BUFFALO, N.Y. — Buffalo Public Schools say the out-of-school suspension rate so far has dropped by 21% compared to this time last year. During the first month of the 2021-22 school year, there were 353 out-of-school student suspensions, and this year there have been 282 so far.

Community advocacy groups held a town hall this week to hear experiences from parents with children in Buffalo Public Schools regarding suspensions.

"We had heard from a couple of community advocates that there was a suspension problem in the Buffalo Public Schools, particularly for students with limited English proficiency and student with disabilities," said Rae Shih, New York Civil Liberties Union education counsel.

Sam Radford, the director of Community Action Organization, says African American students and Latino students are also disproportionately suspended compared to their similarly situated peers. He says they are also concerned about the current number of students suspended.

"That suspension number, we feel like is under-reported,” said Radford. “Even though Buffalo has the highest suspension rate in the state, it's really a higher number because … we hear from parents constantly telling us that the school calls them and says, 'come pick up your child. We won't suspend them. Just keep them home for a couple days.'"

Radford says students then don't get the support they should get while out on suspension. He says they want to partner with the superintendent and school district about this issue.

"One of the other issues that we've found is that even when children are suspended, they're not getting their work and they have a right, they have a legal right, to get the same work they would have gotten if they weren't in school and if they were in school while they're on suspension," said Radford.

Shih says Buffalo is a community with a high percentage of people whose first language is not English.

"We've heard several reports that Buffalo Public Schools do not, and they're obligated to under state and federal law, do not provide interpreters for student suspension hearings, and they do not provide translated notices of the suspension sent home, so parents are unaware of what their rights are,” Shih said. “They're unaware of how they can contest these suspensions or even that they can they need to attend these suspension hearings in the first place.”

Advocates say all in all, suspension isn't the solution.

BPS did not immediately return a request for comment, but the district did release a statement Thursday night regarding declining suspension rates, saying:

"Out-of-school suspensions in the Buffalo Public Schools drop by approximately 21% compared to the same time period last year.  353 out-of-school student suspensions during the first month of the 2021-22 school year have decreased to 282 the first month of this year. 

Several key factors have contributed to the reduction this year including additional training our highly qualified and certified building leaders and teachers, and the adoption of a revised Board of Education approved Student Code of Conduct, which focuses on Social and Emotional Support.  The additional training has been in the areas of disproportionality, trauma informed care, restorative practices, and Cultural and Linguistically Responsive Initiatives.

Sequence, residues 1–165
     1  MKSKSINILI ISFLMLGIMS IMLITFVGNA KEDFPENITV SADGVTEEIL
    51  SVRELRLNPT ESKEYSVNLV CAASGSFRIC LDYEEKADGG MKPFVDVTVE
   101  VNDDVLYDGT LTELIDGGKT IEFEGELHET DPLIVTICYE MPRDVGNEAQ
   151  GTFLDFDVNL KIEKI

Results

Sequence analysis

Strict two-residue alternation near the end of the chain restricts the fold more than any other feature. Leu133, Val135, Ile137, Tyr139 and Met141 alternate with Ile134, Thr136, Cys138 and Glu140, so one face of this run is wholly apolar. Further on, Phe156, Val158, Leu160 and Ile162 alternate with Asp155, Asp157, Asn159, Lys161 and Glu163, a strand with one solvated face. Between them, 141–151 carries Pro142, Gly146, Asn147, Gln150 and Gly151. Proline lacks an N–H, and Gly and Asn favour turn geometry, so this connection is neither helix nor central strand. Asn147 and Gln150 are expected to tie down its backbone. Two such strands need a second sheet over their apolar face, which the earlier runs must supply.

BPS anticipates the decreases will continue throughout the year as we broaden our reach by expanding partnerships and working with parents and caregivers.  School leaders are working hard to continuously improve school climates through social and emotional learning, restorative practices, increasing the number of support staff in buildings, providing interventions, and training for BPS security officers.  These key components are highlighted in the District’s Strategic Plan.

The District has developed preventative support initiatives rather than strictly focusing on punitive measures.  Continued work with key stakeholders including The Buffalo Peacemakers, Reverend Frederick Gelsey Jr., Say Yes Buffalo, and Most Valued Parent (MVP), a BPS Parent Congress Group, has increased coordination efforts with the City of Buffalo, the Buffalo Police Department (BPD), and the Niagara Frontier Transit Authority (NFTA).

In addition, all schools have mental health clinics, nurses, counselors, psychologists, social workers, and attendance teachers, who provide more individualized intervention support for all students. The reduction in suspension rates is evidence that fewer students are removed from the classroom and miss less instructional time.

BPS Superintendent, Dr. Tonja M. Williams shares that “Our children have faced unprecedented life experiences after a two-year pandemic that brought about extreme loss, grief, and isolation.  With a strong focus on restorative practices, and social and emotional learning, progress has been made within the District by lowering suspensions, which ultimately helps students focus on learning when they’re in the classroom.  99% of students in the Buffalo Public Schools have not experienced an out-of-school suspension this school year. That narrative of positivity must be uplifted!”